But this just flew past my window, and it’s nearly November. To say nothing of grapes and roses.
I’m very excited to be able to say that there is now a digital version of British Archaeology, launched on October 21 by its publishers, the charity the Council for British Archaeology. It’s actually the world’s first English language general archaeology magazine to be available for digital subscription. So how does it work, and what does it offer? What does it mean if you already buy the printed magazine?
First, nothing changes as far as the magazine itself is concerned. It comes out every other month, 68 pages of columns, news, features, reviews and so on. You can continue to buy it in shops (if you can’t find it, just ask in your local WH Smith and they will get it for you) or have it delivered to your door as a subscriber (£21 for new subscribers). Council for British Archaeology members will continue to get the magazine as part of their membership benefits (£29 standard for new members). Prices have not changed.
Now on top of that, there is a digital subscription option, at £15.95 a year (or smaller amounts for part years). This gives you a magazine you can read on your computer, smart phone or tablet including iPad and Android.
The advantages are what you would expect of something digital:
- There is an efficient word search facility, which really changes the way you can use the magazine
- Cross references are live, meaning that if you click on a page reference (within the text or in the contents list) you will get straight to that page
- Web addresses are live, and clicking will take you straight to the relevant website (that is attractive to advertisers as well as general readers, which is good for the publisher and thus good for the charity)
- Email addresses and phone numbers are also live, so for example if you are reading on an iPhone you can click an address or a number and start a conversation
- Book ISBNs are live: clicking will take you to the Amazon website; in the book review pages, you can also click through to the Oxbow site
- Postcodes are live, and will click through to Google maps
- You can enlarge images or text to suit yourself
- If you are away from home, you can get the new issue as soon as it is launched, anywhere in the world
A further big plus is that when you subscribe, you have access to the full back catalogue as well as the newest issue. The Council for British Archaeology has put up the past year’s issues to launch this, and as the months go by this archive will grow. The magazines are all connected, so for example, if you search for “iron age”, you immediately get a list of all the occurrences of that phrase in the archive (the facility shows you the context, too, not just the phrase).
For anyone used to working and reading digitally, these are familiar features and will be welcomed. You can try all this out with a free sample issue.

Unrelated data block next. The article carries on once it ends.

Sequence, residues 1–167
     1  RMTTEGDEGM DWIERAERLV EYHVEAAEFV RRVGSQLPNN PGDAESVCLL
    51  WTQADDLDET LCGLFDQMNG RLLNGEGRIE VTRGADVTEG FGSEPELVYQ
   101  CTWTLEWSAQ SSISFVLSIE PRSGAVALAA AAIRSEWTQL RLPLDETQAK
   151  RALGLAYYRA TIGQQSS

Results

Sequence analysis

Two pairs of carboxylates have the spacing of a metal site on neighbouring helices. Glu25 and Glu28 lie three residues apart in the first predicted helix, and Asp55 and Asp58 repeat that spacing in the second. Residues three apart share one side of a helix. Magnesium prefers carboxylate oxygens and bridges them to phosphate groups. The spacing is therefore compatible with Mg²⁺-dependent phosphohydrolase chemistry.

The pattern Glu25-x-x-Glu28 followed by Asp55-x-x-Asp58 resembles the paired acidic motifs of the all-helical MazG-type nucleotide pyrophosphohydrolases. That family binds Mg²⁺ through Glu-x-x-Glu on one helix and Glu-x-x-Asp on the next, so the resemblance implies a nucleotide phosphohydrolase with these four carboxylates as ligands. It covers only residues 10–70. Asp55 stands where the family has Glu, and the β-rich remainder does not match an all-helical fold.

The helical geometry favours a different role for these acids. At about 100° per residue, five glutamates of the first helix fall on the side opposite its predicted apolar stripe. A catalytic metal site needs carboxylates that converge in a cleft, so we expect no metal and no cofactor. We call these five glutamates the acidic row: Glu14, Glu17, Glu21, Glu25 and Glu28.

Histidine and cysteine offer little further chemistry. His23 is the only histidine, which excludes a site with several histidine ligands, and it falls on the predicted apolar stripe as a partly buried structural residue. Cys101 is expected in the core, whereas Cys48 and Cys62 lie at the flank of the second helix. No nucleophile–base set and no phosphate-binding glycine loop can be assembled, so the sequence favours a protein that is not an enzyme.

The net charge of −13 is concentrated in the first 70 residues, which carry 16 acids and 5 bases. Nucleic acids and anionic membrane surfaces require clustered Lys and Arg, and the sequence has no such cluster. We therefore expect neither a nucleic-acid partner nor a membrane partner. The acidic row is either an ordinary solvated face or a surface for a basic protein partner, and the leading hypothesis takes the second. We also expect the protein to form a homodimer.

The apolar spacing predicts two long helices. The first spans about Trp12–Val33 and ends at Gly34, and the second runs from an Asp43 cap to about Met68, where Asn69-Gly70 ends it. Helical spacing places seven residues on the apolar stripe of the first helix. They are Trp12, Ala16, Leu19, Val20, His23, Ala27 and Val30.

There remain advantages to having the printed magazine:
- Digital subscription is a live facility: not only do you need an electronic device to read your magazine, but you need access to an internet connection (you won’t be able to read much on the London underground)
- While your online subscription is up to date, you have access to the full back catalogue. But if your subscription lapses, you will lose all access. You can download PDFs to keep, but only one page at a time and the downloads are slow; this is good for keeping the odd column or feature, but will drive you mad if you try to archive an entire issue
- It’s a personal thing, but many of us will never wish to forsake the feel of a printed magazine in the hand or the accumulating copies on the shelf
Some people will prefer digital, some print. Digital should be particularly attractive to international subscribers, as it avoids the high charge for mailing out of the UK.
The best option of course would be to have both. And that is what Council for British Archaeology members will get. As soon as the set up work has been done (working through the large database), all members will receive the digital subscription as part of their existing membership package. This is really good value, in effect combining printed and digital subscriptions (at standard rates, together costing £42.95) and other membership benefits, as well as knowing you are supporting your charity, for the standard membership fee of £34.
I’m working on the next issue now, and it really has some good stuff in it. Out on December 9!
Finally, here is the brilliant Ben Gilliland’s take on our current cover feature, which appeared in the Metro papers on October 17. There’s always a place for print as well as digital.
Here’s a striking illustration of how archaeology is driven by the rise and fall in building. All archaeological investigations in Ireland need a license, meaning it’s a relatively easy task to see how many take place (try this is England!). Charles Mount has cleverly collated the figures and prepared this graph:
His blog is worth a read: Archaeological Licenses: a Real-time Indicator of Construction Output.